by Heidi Hahn & Patrick Hale
Deflategate. When an incident has a colloquial nickname, you know it’s a big deal. At the least, it’s an issue of contention and something to be investigated further.
Investigations are not new to the NFL, but what makes “Deflategate” different is that it is an issue that could have been prevented. It was not tied to personal conduct or rule interpretation, but a simple measurement of air pressure.
What if the NFL had taken a systems engineering approach to inflation procedures?
Within any industry, systems engineering focuses on ensuring that the “pieces” work together to achieve desired results. It is a holistic-yet-meticulous look at each component.
Systems engineering is often referenced in relation to defense or science projects, but it is used in everything from product manufacturing, human resources, hospitals, cyber security to yes, sports like football.
First, a recap of the NFL’s current inflation requirements: For any football game, each team will provide “primary” balls and may provide “backup” balls, depending on the circumstances. Additional footballs, exclusively for kicking, are shipped directly from the manufacturer of all game balls (Wilson) to the referee at the stadium.
All game balls have NFL rule book specifications for brand, materials, evenness, shape, size and weight. Now, for the point of contention: The balls must be inflated to 12.5-13.5 air pressure per square inch. Each team is responsible for inflating their own balls to the specified requirements. The referees are in charge of inflating the kicking footballs and inspecting all balls prior to play.
In the New England Patriots vs. Indianapolis Colts’ playoff game, at half time, one of the referees found 10 of the Patriots’ footballs to be underinflated by one to two pounds; the pressure of the Colts’ footballs remained on point.
While the just-released “Ted Wells report” on the matter, explains what most likely occurred in this case, we can look at how to strengthen the process so this is less likely to happen again.
When a systems engineer looks at a requirement (in this case, the ball inflation requirement), he immediately asks: How can this requirement be verified? How is performance measured? What tests must be conducted to measure performance? What is the plan for documenting test results and for independently confirming the demonstrated performance?
According to the NFL rule book, "The Referee shall be the sole judge as to whether all balls offered for play comply with the[se] specifications." So far, so good – the referee is an independent entity charged with confirming compliance. Unfortunately, there is no guidance in the rule book about what tests the referee should perform to confirm the required inflation pressure. It only states that the home team must provide the referee a pump to use; no mention is made of whether the pump must be calibrated.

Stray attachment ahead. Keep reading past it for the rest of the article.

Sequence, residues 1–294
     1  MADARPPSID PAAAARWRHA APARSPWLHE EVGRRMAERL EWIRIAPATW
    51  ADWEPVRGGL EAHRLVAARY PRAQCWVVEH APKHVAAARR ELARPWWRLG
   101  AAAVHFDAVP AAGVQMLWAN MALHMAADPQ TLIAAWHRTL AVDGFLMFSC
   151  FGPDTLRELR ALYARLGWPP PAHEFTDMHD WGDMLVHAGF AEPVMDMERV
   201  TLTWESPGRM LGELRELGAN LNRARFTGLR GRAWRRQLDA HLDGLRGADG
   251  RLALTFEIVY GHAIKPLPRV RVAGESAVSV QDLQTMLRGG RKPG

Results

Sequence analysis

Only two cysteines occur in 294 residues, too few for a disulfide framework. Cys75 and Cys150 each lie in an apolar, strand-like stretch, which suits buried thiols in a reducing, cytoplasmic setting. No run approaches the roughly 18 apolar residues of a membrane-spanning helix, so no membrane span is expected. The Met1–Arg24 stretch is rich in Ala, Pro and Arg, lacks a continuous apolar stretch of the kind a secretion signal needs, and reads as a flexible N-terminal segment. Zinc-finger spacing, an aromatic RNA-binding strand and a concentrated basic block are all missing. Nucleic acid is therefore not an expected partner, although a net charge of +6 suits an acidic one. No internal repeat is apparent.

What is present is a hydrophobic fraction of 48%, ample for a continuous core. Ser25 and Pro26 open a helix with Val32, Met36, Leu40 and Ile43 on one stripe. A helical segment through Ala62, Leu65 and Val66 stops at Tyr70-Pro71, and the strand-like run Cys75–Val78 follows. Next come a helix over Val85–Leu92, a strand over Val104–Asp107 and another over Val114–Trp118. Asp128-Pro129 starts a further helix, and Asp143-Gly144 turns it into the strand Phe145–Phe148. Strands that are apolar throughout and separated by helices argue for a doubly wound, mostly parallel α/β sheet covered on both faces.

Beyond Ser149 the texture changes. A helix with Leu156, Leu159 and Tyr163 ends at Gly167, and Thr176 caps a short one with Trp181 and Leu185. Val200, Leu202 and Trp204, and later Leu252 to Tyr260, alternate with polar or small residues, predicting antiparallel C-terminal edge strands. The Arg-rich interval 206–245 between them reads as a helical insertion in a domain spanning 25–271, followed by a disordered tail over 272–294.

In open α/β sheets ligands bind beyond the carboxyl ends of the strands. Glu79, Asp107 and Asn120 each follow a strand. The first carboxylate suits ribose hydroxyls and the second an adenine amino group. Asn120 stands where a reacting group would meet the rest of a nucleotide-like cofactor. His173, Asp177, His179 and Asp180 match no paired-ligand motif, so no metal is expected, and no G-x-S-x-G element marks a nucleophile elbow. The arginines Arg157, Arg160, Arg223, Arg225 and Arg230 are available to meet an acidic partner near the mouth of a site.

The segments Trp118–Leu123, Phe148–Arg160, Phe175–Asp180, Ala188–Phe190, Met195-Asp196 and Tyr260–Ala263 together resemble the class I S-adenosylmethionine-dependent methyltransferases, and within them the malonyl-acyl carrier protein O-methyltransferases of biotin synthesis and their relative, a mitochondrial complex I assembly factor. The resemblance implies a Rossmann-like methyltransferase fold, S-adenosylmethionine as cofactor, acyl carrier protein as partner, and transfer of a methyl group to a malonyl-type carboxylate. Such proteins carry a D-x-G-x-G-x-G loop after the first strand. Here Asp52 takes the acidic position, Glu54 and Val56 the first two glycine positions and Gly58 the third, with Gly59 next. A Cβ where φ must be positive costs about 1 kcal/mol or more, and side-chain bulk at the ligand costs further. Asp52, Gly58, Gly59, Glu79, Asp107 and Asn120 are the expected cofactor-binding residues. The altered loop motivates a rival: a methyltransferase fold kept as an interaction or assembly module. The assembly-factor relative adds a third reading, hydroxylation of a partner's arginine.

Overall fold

The guidelines also do not explain what evidence must be kept to indicate that the balls passed testing. Instead, the rules seem to imply that the referee visually confirms that the ball is a “'Wilson,' hand selected, bearing the signature of the Commissioner of the League" and only seeks confirmation that the ball meets specs if there is some reason to be suspicious that it does not.
Furthermore, referee confirmation that balls meet the specifications can take place as much as 2.25 hours before game time. This seems more than enough time to permit a slow leak (accidental or intentionally made) to deflate balls below the specified inflation threshold – as is suspected to be the case in Deflategate.
A solid systems engineering test plan would include:
- Leak testing to ensure that balls that met spec at test time would still meet spec at game time
- Regulated testing conditions – All testing should be in field conditions, recognizing that pressure may change with the weather
- Independent oversight of tested footballs until the start of each game, which the NFL is supposed to already practice: “[T]he balls shall remain under the supervision of the Referee until they are delivered to the ball attendant just prior to the start of the game"
- Spot-checking of balls during the game, with the frequency and rigor of spot-checks depending on the team’s record of violating said requirements
Would using a systems approach to ball specifications have been fool-proof in preventing someone from intentionally deflating the balls? No – a bad actor could still deflate the balls after the game had started.
However, with a rigorously followed systems engineering plan, Deflategate may have never entered our vocabulary.
Heidi Ann Hahn is director-at-large and past president of the International Council on Systems Engineering (INCOSE), Enchantment Chapter and senior executive advisor to the associate director for engineering sciences at Los Alamos National Laboratory in New Mexico, where she is responsible for engineering capability development.
Patrick Hale is the INCOSE’s chair of nominations and elections and secretary of the INCOSE Foundation, as well as the executive director, SDM (System Design Management) Fellows Program at Massachusetts Institute of Technology. He is an avid football fan.